Media Statement by Lim Kit Siang in Parliament on Thursday, 18th December 2008: 

MACC/JAC Bills – don’t count chickens before they are hatched 

The Prime Minister, Datuk Seri Abdullah Ahmad Abdullah should not count the chickens before they are hatched as he did yesterday following the passage of the Malaysian Anti-Corruption Commission (MACC) and Judicial Appointments Commission (JAC) Bills when he indulged in the following hyperbole:

MACC – “They (foreign investors) will know there is no corruption or very little of it”; and

JAC – “we will bring back the confidence of the public in the judiciary”.

As I said during the debates on the MACC and JAC Bills, nobody in Government really believe

(i) that the MACC could check the rot of corruption in the country and catapult Malaysia into the stratosphere among the world’s ten or twenty least corrupt nations, with the MACC able to rival the Independent Commission Against Corruption (ICAC) in Hong Kong or the Corrupt Practices Investigation Board (CPIB) in Singapore; and

(ii) that the JAC could fully restore national and international confidence in the independence, impartiality and integrity of the judiciary after two decades of erosion and devastation or even to prevent in future the repetition of controversial appointments like the Zaki Azmi appointment as Chief Justice.

After the 1988 “mother of judicial crisis” which saw the sacking of the Lord President Tun Salleh Abas and two Supreme Court judges, the late Tan Sri Wan Suleiman Pawanteh and Datuk George Seah, the country had seen the appointment of six heads of the judiciary in the past 20 years, three of whom had brought shame and scandal to the institution of the judiciary in the country and the world spanning 17 years in the past two decades.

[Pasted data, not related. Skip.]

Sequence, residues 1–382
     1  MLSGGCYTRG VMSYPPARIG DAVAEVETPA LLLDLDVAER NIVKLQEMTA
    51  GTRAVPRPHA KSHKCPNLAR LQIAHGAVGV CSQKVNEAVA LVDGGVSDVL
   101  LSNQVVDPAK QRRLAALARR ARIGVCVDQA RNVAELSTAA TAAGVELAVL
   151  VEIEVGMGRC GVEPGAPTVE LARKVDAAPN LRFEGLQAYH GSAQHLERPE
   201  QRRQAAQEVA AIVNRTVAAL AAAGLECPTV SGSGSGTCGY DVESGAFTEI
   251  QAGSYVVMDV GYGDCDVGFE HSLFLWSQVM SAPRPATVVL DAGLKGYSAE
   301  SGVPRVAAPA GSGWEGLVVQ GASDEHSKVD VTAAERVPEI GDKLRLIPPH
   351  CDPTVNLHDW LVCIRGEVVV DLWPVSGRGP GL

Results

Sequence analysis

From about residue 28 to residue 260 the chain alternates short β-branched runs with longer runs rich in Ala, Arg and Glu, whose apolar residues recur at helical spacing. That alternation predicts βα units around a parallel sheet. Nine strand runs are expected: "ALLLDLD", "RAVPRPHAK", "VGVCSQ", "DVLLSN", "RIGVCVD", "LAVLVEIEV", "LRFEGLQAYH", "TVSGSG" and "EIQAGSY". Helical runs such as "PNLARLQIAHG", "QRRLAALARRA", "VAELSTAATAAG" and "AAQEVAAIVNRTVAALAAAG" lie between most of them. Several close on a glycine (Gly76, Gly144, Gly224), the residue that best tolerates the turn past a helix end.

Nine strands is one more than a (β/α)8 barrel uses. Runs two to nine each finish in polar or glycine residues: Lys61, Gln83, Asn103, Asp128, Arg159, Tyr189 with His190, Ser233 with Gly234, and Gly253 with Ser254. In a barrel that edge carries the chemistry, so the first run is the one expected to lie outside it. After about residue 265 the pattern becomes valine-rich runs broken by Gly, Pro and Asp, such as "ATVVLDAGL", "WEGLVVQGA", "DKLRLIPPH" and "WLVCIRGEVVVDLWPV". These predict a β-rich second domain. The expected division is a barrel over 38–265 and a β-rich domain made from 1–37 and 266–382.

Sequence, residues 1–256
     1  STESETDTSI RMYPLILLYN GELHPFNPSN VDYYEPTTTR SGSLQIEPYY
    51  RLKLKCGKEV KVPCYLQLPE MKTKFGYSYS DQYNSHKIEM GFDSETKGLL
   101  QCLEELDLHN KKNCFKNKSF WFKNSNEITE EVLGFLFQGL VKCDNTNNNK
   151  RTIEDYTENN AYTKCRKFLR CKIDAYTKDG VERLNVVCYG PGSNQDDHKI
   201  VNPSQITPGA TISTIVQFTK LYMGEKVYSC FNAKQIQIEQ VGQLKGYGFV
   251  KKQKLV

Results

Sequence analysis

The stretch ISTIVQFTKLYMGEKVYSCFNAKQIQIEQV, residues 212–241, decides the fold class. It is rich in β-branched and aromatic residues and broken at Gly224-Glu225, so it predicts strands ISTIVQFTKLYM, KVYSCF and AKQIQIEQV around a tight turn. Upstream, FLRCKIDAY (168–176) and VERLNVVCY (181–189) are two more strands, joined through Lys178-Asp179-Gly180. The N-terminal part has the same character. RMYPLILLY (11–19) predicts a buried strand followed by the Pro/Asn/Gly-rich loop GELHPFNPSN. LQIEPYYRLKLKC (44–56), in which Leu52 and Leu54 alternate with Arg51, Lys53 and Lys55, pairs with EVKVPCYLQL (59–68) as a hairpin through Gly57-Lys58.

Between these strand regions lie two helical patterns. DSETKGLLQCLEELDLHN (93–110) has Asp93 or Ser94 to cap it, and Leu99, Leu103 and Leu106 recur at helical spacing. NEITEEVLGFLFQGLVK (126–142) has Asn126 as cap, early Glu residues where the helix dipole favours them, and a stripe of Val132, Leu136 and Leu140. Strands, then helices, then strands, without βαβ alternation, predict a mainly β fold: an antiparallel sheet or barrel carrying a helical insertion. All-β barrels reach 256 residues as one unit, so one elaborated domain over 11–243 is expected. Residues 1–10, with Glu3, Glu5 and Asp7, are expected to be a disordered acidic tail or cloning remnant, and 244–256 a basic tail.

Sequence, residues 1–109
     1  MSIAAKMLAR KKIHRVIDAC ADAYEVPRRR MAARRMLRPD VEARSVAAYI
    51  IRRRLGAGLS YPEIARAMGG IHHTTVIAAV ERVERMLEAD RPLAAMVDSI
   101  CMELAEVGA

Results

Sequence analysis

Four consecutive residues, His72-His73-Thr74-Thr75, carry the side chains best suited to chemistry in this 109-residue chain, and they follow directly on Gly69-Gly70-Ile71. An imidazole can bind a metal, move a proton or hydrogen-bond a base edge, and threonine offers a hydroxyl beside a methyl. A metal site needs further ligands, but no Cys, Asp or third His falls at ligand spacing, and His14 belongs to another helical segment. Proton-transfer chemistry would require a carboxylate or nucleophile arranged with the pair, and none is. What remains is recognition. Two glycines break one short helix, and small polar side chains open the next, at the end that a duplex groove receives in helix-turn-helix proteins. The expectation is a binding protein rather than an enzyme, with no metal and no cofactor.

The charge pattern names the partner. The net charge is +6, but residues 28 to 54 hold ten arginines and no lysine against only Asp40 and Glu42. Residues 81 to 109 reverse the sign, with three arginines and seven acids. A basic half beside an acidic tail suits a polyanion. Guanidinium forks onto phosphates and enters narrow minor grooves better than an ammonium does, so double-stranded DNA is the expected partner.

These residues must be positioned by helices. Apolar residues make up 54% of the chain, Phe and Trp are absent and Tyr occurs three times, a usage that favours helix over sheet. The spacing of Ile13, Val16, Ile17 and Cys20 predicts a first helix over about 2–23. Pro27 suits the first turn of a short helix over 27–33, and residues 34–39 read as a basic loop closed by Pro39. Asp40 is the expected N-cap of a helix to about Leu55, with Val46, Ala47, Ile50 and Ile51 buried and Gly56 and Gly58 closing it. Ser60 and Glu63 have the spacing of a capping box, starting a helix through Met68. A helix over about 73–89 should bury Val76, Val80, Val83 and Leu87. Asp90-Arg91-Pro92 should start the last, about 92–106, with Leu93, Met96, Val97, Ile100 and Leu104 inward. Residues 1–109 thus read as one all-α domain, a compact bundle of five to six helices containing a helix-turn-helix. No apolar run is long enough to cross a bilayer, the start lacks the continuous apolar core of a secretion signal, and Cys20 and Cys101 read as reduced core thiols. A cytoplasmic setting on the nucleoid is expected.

Could the JAC ensure that this long dark chapter of the Malaysian judiciary could never happen again?

The MACC and JAC Bills should pave the way for the restoration of public confidence in the independence, impartiality and integrity of key institutions in the country, but the signs are not there that this will be the case, with big question marks about the professionalism and integrity of key institutions remain unanswered – including those concerning the Inspector-General of Police and the Attorney-General.

In these circumstances, instead of counting the chickens before they are hatched, what should concern Malaysians is chickens coming home to roost as a result of the MACC and JAC Bills.

* Lim Kit Siang,  DAP Parliamentary leader & MP for Ipoh Timor